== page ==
Momentum & Writing Update
I know you’re wondering what “batchotasking” is, but I want to share another update on this month’s theme, momentum. Want to learn how to gain momentum in your own writing? Check out my 2.6 blog post.
I hit 55% of my 10,000 word stretch goal for the month in the first week. Last week, I added 2,068 words, bringing me up to 6,124, or 61% of my goal.
Why the shift in writing output?
1) I lost a workday on Tuesday due to car trouble (waiting hours in a snowstorm for AAA to come tow me and replace my alternator and battery).
2) I chose to focus on revision of my Graduate Feminist Certificate paper on Wednesday and Thursday.
Even though it may look like I lost momentum on my writing output, I feel great about the work I got done. I’m still 2,457 words above my original goal (the one where I aim to write 333 words/day for 31 days). Also, I’m still not working on my academic work on the weekends, which feels like a major, healthy shift away from workaholism. Look for another report next week!
WTF is Batchotasking?
I love productivity. I love personal development. Most of all, I love blending them together to bring more intention, mindfulness, and success to my life. Batchotasking helps me do these things with confidence and a big ol’ sigh of relief.
Batchotasking is a combination of batching with monotasking. You’ve likely heard of the second one (perhaps from my 1.29 post, “Monotasking vs. Task Switching”?) but you may be a little murky on the action of batching. Don’t worry, I’ll give you a brief overview of both and teach you what they can do for you with their powers combined. As always, takeaway prompts abound so you can start batchotasking today.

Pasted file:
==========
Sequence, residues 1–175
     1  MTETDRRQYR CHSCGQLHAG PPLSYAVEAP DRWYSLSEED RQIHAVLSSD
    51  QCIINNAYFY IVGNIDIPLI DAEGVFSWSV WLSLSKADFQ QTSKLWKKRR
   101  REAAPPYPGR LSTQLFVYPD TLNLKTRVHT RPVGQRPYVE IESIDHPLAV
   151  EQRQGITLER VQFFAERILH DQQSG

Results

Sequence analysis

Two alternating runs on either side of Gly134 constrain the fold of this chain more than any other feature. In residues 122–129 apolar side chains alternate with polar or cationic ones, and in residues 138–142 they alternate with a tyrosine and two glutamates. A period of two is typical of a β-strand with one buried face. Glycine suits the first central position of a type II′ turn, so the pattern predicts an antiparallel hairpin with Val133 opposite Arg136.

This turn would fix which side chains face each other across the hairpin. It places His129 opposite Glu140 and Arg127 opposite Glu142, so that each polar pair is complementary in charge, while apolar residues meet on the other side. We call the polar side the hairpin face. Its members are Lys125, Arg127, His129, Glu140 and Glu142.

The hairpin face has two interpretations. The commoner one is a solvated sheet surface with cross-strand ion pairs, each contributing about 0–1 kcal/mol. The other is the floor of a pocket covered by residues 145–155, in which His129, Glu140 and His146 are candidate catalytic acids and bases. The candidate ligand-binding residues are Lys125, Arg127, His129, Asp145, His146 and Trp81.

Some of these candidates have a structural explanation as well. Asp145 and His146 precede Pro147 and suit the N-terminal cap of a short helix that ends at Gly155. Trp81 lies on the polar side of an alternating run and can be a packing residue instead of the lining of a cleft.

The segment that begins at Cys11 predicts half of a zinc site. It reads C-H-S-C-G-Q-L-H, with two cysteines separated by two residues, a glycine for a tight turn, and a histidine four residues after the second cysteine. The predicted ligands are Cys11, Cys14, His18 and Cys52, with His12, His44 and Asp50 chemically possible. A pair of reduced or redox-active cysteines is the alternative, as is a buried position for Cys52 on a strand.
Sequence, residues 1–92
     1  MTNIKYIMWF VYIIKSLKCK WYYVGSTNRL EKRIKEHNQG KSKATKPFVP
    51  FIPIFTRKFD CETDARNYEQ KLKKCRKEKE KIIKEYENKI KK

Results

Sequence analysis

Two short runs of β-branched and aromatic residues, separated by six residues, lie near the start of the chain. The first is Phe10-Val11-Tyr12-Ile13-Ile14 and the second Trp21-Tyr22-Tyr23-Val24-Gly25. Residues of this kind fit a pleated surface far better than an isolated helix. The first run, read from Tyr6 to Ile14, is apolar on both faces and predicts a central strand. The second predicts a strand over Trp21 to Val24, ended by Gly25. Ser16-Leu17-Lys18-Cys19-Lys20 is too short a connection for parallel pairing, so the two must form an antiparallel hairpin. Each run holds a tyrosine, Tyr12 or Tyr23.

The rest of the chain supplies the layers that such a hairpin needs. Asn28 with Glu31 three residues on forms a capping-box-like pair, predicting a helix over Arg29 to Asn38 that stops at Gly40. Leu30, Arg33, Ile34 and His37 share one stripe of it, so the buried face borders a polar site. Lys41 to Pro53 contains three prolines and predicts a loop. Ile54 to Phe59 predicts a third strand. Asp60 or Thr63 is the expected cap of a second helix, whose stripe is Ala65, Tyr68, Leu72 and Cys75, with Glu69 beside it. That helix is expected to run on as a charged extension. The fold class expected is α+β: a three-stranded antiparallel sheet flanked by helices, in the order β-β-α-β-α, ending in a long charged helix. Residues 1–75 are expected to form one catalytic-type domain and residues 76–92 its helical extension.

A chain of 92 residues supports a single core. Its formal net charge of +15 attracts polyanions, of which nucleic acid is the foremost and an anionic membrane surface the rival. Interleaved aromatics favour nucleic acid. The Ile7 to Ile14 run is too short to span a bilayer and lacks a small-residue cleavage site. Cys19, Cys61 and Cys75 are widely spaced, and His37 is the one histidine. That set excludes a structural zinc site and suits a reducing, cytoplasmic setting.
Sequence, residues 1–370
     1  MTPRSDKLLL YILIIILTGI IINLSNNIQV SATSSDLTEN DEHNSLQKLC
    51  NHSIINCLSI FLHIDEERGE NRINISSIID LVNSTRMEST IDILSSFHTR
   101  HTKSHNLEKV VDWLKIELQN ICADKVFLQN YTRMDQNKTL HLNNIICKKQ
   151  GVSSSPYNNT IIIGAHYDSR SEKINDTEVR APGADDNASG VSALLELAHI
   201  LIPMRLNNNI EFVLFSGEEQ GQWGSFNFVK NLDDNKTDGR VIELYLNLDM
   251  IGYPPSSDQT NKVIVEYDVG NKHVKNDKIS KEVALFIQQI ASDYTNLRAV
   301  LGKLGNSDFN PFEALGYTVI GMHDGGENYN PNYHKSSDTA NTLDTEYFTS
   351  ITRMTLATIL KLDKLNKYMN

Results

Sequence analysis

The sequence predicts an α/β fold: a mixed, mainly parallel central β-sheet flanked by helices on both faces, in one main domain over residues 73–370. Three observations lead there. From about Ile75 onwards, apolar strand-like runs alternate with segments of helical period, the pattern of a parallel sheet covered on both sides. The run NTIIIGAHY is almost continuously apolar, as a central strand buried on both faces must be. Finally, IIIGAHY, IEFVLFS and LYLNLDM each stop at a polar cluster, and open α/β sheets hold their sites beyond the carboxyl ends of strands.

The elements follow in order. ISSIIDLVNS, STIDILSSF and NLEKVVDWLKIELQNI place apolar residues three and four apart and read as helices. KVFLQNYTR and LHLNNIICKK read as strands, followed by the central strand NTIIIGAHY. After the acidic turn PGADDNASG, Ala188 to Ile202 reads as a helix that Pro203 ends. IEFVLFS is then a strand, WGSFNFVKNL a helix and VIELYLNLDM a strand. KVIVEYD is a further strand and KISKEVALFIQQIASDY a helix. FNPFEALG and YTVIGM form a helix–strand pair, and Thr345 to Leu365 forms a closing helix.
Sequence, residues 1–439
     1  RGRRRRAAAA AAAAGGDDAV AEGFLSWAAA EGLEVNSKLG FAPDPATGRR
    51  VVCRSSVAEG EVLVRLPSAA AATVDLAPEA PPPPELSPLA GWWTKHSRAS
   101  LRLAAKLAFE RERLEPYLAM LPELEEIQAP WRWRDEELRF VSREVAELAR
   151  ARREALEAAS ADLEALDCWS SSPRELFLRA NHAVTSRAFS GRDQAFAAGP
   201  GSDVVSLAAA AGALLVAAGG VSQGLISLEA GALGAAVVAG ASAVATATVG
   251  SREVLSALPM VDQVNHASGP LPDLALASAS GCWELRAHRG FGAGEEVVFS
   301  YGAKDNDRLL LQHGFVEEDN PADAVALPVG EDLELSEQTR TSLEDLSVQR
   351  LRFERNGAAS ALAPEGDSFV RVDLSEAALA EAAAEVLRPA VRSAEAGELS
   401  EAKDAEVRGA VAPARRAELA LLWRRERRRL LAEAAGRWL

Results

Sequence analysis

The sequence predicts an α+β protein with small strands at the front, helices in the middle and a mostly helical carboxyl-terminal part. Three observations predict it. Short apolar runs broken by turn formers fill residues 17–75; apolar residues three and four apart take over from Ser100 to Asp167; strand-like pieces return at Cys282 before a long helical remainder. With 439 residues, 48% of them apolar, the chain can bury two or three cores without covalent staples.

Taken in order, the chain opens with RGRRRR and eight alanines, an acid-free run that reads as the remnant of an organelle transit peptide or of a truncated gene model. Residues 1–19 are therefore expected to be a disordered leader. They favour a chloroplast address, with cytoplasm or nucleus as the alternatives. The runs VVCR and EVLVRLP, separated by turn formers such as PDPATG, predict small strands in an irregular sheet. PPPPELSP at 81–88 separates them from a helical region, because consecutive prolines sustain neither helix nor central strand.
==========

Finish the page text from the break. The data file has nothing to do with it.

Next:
When we think we are multitasking we are actually task switching. According to productivity reasearcher Chris Bailey, “It’s impossible for our brains to focus on two tasks at once—it’s actually rapidly switching between them. Instead of channeling our complete focus and energy into one task, we spread it thin, which prevents us from diving deep into any one of our tasks.” When we think we are multitasking, we are repeatedly pulling our focus away from not only one task, but two of them!
If task switching actually makes us do worse at our tasks, why would we do it? Tim Elcore answers our question in “The Unintended Consequences of Multi-Tasking”: crossing things off of our to do list when we are task switching releases dopamine into our systems. Because of this, “[w]e tend to pursue more short-term tasks that give us this dopamine shot, and soon we’re caught up in quantity over quality. We actually work harder, not smarter. And we don’t really focus. We assume we’re doing more and better, but in reality we trade in value for speed and volume.”